"Are you sure that that building was a waste? But there has been no doubt that if sold now it would make double what it cost - 148 million euros when I was there, if there were other [additional expenses] then ask who made them, I was no longer there."
On Saturday, the cardinal dismissed the idea that Torzi’s arrest would cause a broader “earthquake” in the curia, calling it “a journalistic fantasy.”
Becciu’s interview concluded with his declaration that “[Torzi] will have to answer for a specific crime for which he alone is responsible. And the Vatican will continue as before.”
CNA has reported that between 2014 and 2018, the Secretariat of State paid around $300 million for the building, bought from Italian businessman Raffaele Mincione. Mincione arranged the secretariat's initial investment through an investment fund through which he managed hundreds of millions of euros for the Secretariat of State.
Completion of the sale was conducted through Gutt SA, a Luxembourg-registered holding company owned by Torzi.
According to a press statement from the Holy See, Torzi was arrested Friday in connection with “well-known events connected with the sale of the London property on Sloane Avenue, which involved a network of companies in which some officials of the Secretariat of State were present.”
In May, CNA reported that in November 2018, a lay official at the Secretariat of State was made a director of Gutt, for a period of one month. That official, Fabrizio Tirabassi, was suspended from his position in October, 2019, following a raid by Vatican investigators.
In his statements to Adnkronos over the weekend, Becciu repeated previous denials that the investment used funds from Peter’s Pence, a fund of donations sent to the Holy See by Catholics and dioceses around the world to support the ministry of the pope.
On Saturday, Vatican News reported that the investments made by the secretariat in Mincione’s Athena Global Opportunities Fund amounted to 200 million euros. It reports Mincione invested this money in the building, which he owned, and other ventures of Mincione’s, which it described to be a “conflict of interest.”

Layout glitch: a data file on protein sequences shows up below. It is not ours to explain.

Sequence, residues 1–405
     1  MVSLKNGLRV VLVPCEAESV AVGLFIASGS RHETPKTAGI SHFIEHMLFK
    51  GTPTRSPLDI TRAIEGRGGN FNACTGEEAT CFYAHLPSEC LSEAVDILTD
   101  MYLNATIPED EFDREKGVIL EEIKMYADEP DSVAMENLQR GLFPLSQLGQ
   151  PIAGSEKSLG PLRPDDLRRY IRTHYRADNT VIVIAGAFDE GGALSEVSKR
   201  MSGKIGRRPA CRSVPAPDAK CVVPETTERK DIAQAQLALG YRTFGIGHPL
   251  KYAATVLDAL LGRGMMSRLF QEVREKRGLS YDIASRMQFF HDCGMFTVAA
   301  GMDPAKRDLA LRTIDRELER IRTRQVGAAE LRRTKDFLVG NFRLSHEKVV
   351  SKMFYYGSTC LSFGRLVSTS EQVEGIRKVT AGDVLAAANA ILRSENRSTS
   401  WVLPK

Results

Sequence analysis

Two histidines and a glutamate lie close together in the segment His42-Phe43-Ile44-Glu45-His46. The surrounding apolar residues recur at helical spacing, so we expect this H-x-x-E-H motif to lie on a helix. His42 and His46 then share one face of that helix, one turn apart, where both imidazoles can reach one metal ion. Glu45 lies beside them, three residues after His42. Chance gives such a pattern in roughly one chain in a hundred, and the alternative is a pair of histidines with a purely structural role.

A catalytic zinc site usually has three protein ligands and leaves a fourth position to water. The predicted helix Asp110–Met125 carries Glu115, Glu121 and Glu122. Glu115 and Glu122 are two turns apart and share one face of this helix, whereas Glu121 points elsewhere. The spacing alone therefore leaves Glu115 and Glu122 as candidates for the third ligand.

On Nov. 4, 2019, CNA reported that in 2015 Cardinal Becciu seems to have attempted to obscure on Vatican balance sheets nearly 200 million in loans connected to the transaction by cancelling them out against the value of the property in London, an accounting maneuver prohibited by financial policies approved by Pope Francis in 2014.
That apparent attempt to obscure the loans was detected by the Prefecture for the Economy, then led by Cardinal George Pell. Senior officials at the Prefecture for the Economy told CNA in 2019 that Becciu told Pell the cardinal was “interfering in sovereign business” by looking into the secretariat’s dealings with Swiss bank BSI.
BSI was closed by Swiss banking authorities in 2017, following an investigation which found systematic violations of anti-money laundering protections.
On Saturday, Becciu said that Torzi’s involvement in the London property deal came only after he had left the secretariat.
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In May, CNA reported that Swiss authorities had frozen tens of millions of euros in several bank accounts as part of the Vatican’s investigation into the deal.
On June 6, the Italian newspaper Corriere della Sera reported that among the funds frozen were several million under the control of Msgr. Alberto Perlasca.
Perlasca served under Becciu for nearly a decade as head of the administrative office of the secretariat’s First Section until July 2019, when he was transferred to the Supreme Tribunal of the Apostolic Signatura, the Holy See’s supreme court. Perlasca worked as a prosecutor at the court, until his office and home were raided by investigators in February.
In an interview with the newspaper Il Giornale on Monday, Perlasca denied that he had any Swiss bank accounts and is “ready to sue anyone who claims otherwise.”
Perlasca said that “there was considerable confusion, I hope not knowingly, between personal accounts and accounts of the Secretariat of State, on which, however, I had no signature power since only the superiors had it. I only had the power to sign in conjunction with another superior. I don't remember ever having to use it, because there never was a need. In other words: I couldn't move a single cent.”
Perlasca said he personally lodged a complaint against Torzi in 2018, alleging fraud by the businessman.